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What Karadzic’s arrest means for Serbia
Will a long-awaited war crimes trial bring closure?
T

he arrest of Radovan Karadzic will help realize the dream of long-term stability in the former Yugoslavia, said Tony Barber in a Financial Times blog. Ending the murderous Bosnian Serb leader’s years on the run will “accelerate Serbia’s path” to joining the European Union. And that will deal a body blow to “the militant nationalists who have poisoned Serbian public life for the past 20 years.”

Putting Karadzic behind bars advances the cause of justice all over the world, said David Rohde in The New York Times. He faces genocide charges for the 1995 massacres in Srebrenica, and every day he spent in freedom “made a mockery" of war crime tribunals, and his arrest should help restore their credibility.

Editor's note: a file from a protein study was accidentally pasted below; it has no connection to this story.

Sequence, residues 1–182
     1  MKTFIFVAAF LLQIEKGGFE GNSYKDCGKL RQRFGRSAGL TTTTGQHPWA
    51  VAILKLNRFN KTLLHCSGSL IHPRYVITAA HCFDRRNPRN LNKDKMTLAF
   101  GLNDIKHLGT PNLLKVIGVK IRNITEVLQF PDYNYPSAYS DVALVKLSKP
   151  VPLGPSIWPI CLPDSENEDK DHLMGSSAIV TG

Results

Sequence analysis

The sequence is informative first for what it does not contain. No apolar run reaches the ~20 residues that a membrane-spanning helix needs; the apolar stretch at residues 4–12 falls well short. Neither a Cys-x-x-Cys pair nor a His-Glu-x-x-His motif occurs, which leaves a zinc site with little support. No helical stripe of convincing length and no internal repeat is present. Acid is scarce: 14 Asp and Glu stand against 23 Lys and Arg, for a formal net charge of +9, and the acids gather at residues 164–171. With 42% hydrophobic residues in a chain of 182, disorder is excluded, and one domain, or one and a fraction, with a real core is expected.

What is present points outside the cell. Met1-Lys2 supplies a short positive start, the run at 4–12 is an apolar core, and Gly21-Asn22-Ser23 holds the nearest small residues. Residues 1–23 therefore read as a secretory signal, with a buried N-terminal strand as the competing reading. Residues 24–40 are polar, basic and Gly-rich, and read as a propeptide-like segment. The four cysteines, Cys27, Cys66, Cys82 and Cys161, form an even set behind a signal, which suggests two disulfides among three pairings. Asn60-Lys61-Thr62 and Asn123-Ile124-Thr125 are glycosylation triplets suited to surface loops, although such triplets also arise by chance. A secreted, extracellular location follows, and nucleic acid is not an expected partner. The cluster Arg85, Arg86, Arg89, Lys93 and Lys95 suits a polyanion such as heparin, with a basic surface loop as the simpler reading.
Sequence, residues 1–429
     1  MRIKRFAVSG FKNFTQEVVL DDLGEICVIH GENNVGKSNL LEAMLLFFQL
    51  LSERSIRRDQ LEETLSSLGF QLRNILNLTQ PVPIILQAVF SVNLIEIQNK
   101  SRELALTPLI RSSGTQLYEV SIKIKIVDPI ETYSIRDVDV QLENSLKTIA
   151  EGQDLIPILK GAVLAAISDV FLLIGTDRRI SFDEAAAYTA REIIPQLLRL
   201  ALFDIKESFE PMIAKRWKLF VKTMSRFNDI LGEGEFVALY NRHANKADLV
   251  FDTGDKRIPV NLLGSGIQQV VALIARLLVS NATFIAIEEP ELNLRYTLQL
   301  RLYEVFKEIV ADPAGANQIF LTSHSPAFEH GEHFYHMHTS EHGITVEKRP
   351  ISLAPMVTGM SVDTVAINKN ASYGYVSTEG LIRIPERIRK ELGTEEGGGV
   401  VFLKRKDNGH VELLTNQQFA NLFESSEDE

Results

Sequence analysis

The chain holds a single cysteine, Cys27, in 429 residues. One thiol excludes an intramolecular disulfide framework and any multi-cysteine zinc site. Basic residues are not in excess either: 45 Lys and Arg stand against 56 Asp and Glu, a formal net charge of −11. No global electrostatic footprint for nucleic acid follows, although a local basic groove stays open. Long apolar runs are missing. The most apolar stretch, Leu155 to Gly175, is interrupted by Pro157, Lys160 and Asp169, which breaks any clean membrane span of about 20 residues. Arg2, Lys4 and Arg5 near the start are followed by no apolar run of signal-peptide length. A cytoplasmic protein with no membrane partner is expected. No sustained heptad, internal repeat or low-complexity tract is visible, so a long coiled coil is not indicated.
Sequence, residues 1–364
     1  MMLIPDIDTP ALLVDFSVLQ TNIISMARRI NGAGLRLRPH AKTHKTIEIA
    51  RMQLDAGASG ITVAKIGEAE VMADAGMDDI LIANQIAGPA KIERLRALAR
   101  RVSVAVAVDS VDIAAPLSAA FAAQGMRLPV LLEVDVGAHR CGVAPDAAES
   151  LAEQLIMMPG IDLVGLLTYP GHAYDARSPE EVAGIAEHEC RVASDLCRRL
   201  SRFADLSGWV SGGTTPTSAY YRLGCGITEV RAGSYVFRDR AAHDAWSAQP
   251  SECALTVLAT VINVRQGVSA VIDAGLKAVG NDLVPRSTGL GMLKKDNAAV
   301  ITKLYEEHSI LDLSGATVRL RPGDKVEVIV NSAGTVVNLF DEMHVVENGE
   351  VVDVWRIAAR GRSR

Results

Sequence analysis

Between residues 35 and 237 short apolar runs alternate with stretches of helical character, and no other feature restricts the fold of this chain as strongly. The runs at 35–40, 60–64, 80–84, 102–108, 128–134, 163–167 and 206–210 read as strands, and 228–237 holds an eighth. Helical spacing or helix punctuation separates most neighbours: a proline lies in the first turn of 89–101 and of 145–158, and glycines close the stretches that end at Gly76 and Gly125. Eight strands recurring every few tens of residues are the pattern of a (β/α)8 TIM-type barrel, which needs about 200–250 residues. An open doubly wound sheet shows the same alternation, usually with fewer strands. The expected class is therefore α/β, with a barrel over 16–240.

Western policy makers have reason to celebrate, said Mark Tran in the London Guardian, but the prosecution is only beginning. Former Yugoslavian president Slobodan Milosevic managed to drag out his trial for years, and Karadzic will surely come up with ways to “spin things out as long as possible.”

The tribunal’s verdict won’t satisfy everybody, said a BBC News analysis. “For some Serbs, Karadzic remains a hero who stood up to ancient enemies and tried to create a separate Serb homeland.”

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